Places of Poetry: a northerly aspect by Kayo Chingonyi

Places of Poetry is a project which aims to use creative writing to prompt reflection about national and cultural identities by inviting contributions to the website, until 31st October. The project is open to all writers. This year Places of Poetry is holding events across England and Wales, each site hosting a poet-in-residence with each poet contributing a poem from their residency to The Clearing. Kayo Chingonyi’s poem a northerly aspect was inspired by Hadrian’s Wall.




we flew south —

and, though



banished howays

from my diction,

still my heart

has a northerly aspect


(quite apart

from this voice

that divides opinion

when I carry it

far from home).


How to gesture

towards tall ships

grace darling

bottles of pop

bobby shafto

the part of me

lost to the realm

of ledgers

of legend


the part

that ascribes

to darkness


here where the landscape

is a long conversation

and the breeze

a list of the missing

and of the dead

read from the surface

of these stones

that do not forget.






Kayo Chingonyi’s latest book, Kumukanda (Chatto & Windus, 2017) was a Guardian and Telegraph book of the year and won the Dylan Thomas Prize  and a Somerset Maugham Award. Kayo was a Burgess Fellow at the Centre for New Writing, University of Manchester, and an Associate Poet at The Institute of Contemporary Arts, London. He has performed his work at festivals and events around the world, is Poetry Editor for The White Review, and an Assistant Professor of Creative Writing at Durham University.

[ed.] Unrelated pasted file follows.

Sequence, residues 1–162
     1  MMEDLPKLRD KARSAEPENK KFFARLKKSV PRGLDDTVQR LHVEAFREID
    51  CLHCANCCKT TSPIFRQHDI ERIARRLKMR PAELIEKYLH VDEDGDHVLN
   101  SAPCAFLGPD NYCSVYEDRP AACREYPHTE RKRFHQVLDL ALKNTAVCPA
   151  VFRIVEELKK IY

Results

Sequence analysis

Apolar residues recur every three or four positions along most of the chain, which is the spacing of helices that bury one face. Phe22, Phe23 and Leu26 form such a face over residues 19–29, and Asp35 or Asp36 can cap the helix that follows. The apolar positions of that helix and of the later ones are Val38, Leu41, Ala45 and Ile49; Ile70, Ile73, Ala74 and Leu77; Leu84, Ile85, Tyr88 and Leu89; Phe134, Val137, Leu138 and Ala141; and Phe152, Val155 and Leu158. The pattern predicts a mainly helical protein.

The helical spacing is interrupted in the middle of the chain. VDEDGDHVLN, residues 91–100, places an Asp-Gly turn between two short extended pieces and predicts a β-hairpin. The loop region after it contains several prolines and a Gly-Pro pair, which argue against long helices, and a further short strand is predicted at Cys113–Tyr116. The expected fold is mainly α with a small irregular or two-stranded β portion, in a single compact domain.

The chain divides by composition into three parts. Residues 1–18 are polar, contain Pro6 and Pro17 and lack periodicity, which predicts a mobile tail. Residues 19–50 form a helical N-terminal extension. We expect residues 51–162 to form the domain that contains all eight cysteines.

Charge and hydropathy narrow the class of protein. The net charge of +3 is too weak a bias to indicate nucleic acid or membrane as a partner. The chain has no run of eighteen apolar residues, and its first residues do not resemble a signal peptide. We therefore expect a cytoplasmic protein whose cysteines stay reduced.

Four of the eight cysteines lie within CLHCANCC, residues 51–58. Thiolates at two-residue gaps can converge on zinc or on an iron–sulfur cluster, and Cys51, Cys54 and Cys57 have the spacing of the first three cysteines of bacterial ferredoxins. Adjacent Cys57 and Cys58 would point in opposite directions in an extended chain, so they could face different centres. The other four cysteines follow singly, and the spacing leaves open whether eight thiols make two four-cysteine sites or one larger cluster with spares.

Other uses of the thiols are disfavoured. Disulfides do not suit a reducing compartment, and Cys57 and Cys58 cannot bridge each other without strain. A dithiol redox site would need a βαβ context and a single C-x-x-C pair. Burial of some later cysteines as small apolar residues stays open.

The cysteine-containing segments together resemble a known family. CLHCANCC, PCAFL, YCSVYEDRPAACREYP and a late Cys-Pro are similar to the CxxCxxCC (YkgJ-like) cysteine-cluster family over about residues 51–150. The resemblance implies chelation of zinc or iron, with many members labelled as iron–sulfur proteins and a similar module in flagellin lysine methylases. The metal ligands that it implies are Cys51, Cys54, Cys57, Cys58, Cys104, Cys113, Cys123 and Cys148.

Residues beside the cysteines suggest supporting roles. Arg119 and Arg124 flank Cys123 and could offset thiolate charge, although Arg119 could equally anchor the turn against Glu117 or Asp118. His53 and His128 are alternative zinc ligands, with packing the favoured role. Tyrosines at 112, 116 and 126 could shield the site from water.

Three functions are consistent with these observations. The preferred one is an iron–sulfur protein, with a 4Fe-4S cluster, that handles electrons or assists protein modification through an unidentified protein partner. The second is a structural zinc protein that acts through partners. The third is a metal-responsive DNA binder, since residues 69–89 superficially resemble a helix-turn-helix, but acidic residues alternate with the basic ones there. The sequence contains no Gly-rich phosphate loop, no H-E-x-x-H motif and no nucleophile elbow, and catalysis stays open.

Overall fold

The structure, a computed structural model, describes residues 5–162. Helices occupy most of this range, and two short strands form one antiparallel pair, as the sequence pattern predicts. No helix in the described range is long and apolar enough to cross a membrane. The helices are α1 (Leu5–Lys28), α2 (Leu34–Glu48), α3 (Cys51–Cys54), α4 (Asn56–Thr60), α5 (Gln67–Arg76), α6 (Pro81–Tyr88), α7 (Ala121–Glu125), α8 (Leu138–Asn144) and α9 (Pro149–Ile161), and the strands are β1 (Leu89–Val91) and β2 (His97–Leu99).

The illustration is by Benjamin Bowen of Union Studio.


Places of Poetry is led by the poet Paul Farley and the academic Andrew McRae. It is based at the universities of Exeter and Lancaster, and funded by the Arts and Humanities Research Council, The National Lottery Heritage Fund and Arts Council England. It is underpinned by national partnerships with the Ordnance Survey, The Poetry Society, and National Poetry Day.

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